Rates announcement comes with warning
Sarb Governor Gill Marcus says rates are likely to rise with economic growth and inflation off target.
JOHANNESBURG - The South African Reserve Bank (Sarb) on Thursday warned an interest rate hike is due in the near future.
This was revealed during the Monetary Policy Committee (MPC)'s repo rate announcement in Pretoria this afternoon.
Sarb Governor Gill Marcus announced the repo rate would remain on hold at 5,5 percent, while the prime lending rate would stay put at nine percent.
"The committee continues to hold the view that we are in a rising interest rate cycle and interest rates will have to be normalised in due course. We embarked on this process with our first move in January 2014."
Marcus says the bank has also adjusted its 2014 economic growth outlook to 2,1 percent from previous forecasts of 2,6 percent.
She says the economy should recover thereafter, but there are still risks.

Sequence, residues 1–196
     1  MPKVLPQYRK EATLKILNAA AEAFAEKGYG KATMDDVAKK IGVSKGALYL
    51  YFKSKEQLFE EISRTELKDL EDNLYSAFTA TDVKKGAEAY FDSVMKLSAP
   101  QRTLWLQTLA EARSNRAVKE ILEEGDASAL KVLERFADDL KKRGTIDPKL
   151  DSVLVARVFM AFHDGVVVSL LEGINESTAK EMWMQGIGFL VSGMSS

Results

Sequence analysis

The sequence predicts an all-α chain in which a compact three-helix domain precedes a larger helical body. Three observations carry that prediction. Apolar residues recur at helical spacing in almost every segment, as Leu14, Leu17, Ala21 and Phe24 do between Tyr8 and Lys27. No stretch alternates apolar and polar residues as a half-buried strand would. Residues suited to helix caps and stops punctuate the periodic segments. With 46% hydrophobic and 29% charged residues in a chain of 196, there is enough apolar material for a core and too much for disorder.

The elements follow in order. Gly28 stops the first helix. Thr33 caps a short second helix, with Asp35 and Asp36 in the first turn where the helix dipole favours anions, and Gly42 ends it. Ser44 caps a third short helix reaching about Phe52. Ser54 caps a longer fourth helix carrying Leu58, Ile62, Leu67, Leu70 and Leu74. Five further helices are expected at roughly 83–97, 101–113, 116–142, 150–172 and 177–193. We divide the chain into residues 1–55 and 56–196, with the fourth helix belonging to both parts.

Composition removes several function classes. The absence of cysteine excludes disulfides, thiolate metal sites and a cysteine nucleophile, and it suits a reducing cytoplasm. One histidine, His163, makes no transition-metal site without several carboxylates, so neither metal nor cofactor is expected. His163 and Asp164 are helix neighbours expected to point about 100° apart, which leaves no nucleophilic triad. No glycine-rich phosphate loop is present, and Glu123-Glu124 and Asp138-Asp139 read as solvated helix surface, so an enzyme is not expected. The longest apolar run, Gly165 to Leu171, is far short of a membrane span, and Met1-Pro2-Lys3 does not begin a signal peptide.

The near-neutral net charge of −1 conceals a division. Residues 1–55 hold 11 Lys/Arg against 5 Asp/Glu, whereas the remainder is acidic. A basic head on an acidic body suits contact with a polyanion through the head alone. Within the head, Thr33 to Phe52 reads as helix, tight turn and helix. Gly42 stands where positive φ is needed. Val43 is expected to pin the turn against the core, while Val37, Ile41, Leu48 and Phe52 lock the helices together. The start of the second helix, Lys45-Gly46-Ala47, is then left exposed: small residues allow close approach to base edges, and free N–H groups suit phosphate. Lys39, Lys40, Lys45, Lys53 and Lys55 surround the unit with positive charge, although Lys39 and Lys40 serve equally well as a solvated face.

"The forecast of 2015 remains unchanged at 3,1 percent and growth in 2016 is expected to average 3,4 percent," Marcus said.
"However, the risks to these forecasts are increasingly to the downside against the renewed possibility of electricity load-shedding amongst other factors."
At the same time, Marcus said the rand was also likely to remain vulnerable to changing perceptions about US monetary policy - a factor that helped drive the currency to five-year lows in January.
The rand has recovered substantially from those levels, hitting a year-high last week.
Meanwhile, with inflation hitting 6,1 percent in April, Sarb says it expects it to remain outside the bank's target range of 3-6 percent until at least the second quarter of 2015.
"Food prices remain a risk to the inflation outlook," says Marcus, "although the risk may have moderated somewhat following the sharp reversal in domestic maize prices in recent weeks."
Marcus also noted the damaging effects of the ongoing strike in the platinum sector.
Workers affiliated to the Association of Mineworkers and Construction Union (Amcu) have been on a wage strike for exactly four months - the longest work stoppage ever seen in South Africa.
Miners are demanding a basic salary of R12,500 a month.
Marcus said, "It is expected to begin to have a significant negative impact on exports, now that inventories are reaching low levels, and a further extension of the strike could impede the required current account adjustment process."